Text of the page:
June 23, 2024

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West Grey mayor blames nursing shortages on SBGHC management

3 min read

The impending movement of Durham’s only inpatient hospital beds to hospitals in Walkerton and Kincardine has outraged the community and has them fearing for the future of their hospital.

“The announcement to transition 10 beds out of our community into other communities is devastating, and is the wrong decision,” said Durham area resident Christine Robinson.

Hospital administration said the decision wasn’t made lightly, but there simply weren’t enough nurses to keep Durham’s emergency room and inpatient bed department operating.

“There are a large number of patients who live in the area who do not have access to primary care, so their only point of access to the healthcare system is through the emergency department. It’s really important to keep that access going and consistent,” explained South Bruce Grey Health Centre CEO Nancy Shaw.

However, West Grey Mayor Kevin Eccles believes the nursing shortage at Durham’s hospital has been “created” by those that run the South Bruce Grey Health Centre (SBGHC), a hospital corporation that run the hospitals in Kincardine, Durham, Walkerton and Chesley.

President and CEO of South Bruce Grey Health Centre Nancy Shaw is seen during a Zoom interview on May 6, 2024. (Scott Miller/CTV News London)

Eccles said he knows of some recent nursing grads from Georgian College who applied and were turned away from Durham’s hospital.

“Three nurses have graduated in the last year. All applied to the hospital in Durham. Two of them never got a phone call back. One got a phone call, but was told that only part-time was available, two or three shifts a week,” said Eccles.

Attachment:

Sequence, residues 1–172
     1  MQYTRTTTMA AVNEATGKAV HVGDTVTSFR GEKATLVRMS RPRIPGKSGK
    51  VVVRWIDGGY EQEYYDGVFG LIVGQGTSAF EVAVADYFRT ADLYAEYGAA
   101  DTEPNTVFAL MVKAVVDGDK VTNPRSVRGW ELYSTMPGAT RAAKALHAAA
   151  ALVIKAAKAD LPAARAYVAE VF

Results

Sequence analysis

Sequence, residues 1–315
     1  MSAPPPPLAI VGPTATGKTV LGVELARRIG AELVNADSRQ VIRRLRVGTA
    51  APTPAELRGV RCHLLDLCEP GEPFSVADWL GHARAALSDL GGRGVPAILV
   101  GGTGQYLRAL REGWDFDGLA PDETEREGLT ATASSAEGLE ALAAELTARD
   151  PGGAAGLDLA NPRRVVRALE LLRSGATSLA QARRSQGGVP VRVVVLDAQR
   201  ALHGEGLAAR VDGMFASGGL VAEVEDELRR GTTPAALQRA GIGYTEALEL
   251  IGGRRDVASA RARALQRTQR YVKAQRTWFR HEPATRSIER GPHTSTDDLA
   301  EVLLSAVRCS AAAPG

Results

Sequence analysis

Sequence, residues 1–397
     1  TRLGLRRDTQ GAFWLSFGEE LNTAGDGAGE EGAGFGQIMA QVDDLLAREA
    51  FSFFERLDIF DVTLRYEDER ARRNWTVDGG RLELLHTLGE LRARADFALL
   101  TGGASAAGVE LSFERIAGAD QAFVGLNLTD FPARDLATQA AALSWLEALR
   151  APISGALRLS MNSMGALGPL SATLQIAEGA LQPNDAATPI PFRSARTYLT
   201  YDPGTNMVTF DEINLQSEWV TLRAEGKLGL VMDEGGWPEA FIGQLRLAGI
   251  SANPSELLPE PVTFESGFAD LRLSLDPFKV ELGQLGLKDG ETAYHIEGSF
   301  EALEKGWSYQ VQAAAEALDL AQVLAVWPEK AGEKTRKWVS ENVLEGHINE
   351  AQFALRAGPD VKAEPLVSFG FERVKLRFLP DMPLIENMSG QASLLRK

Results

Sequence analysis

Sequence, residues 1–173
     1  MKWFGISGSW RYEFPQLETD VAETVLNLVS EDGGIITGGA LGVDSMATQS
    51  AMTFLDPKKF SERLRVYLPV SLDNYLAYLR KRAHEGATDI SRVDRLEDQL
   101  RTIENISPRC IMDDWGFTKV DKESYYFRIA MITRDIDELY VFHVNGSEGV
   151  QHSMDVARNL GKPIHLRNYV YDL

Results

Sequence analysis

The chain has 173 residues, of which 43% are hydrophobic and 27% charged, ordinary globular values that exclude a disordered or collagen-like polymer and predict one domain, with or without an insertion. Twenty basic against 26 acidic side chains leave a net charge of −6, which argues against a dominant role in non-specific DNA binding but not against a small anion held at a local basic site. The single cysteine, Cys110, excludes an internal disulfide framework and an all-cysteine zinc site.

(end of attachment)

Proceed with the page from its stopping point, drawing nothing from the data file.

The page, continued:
He said he knows of another nurse that applied and who could walk to Durham’s hospital, but was turned away and instead got hired in Palmerston a week later.

“This is what I’m hearing continuously. The statement comes from South Bruce Grey Health Centre that, oh, we’ve got a retention and recruitment problem. It’s not internal, it’s management decisions that have created this,” said Eccles.

Shaw said hospital administration has not created this shortage. In the past six months alone, she said SBGHC has received 16 registered nursing applications for Durham.

One nurse was hired, two are still being interviewed, one didn’t meet hiring requirements, and 12 applicants were from out of the country or out of the area, and didn’t want to move to the largely rural community.

Durham Hospital seen on July 11, 2023. (Scott Miller/CTV News London)

“No, this was not created. This has been a long standing issue for some time now, and it’s just got increasingly worse, so we’ve had to address it,” said Shaw.

Eccles however is not buying it.

A move to only daytime ER hours in March, following by the movement of Durham’s inpatient beds 45 days later, has eroded trust in the people that run the community’s lone hospital.

“It’s getting a little difficult to believe the stories that’s being spun there. That you’re always going to stay open, healthcare will be there we guarantee that, well, you haven’t come through on any guarantees you’ve had yet,” said Eccles.

Durham’s inpatient beds will move to Kincardine and Walkerton on June 3. Shaw said “the Durham hospital will remain viable,” and SBGHC is “committed to it remaining functioning.”

Frustrated community members are holding a public rally opposing the bed cuts in Durham on Tuesday night. SBGHC meanwhile is holding a community webinar to discuss the changes on May 14.

West Grey Council is seeking legal advice on how best to stop Durham’s hospital beds from leaving town. 

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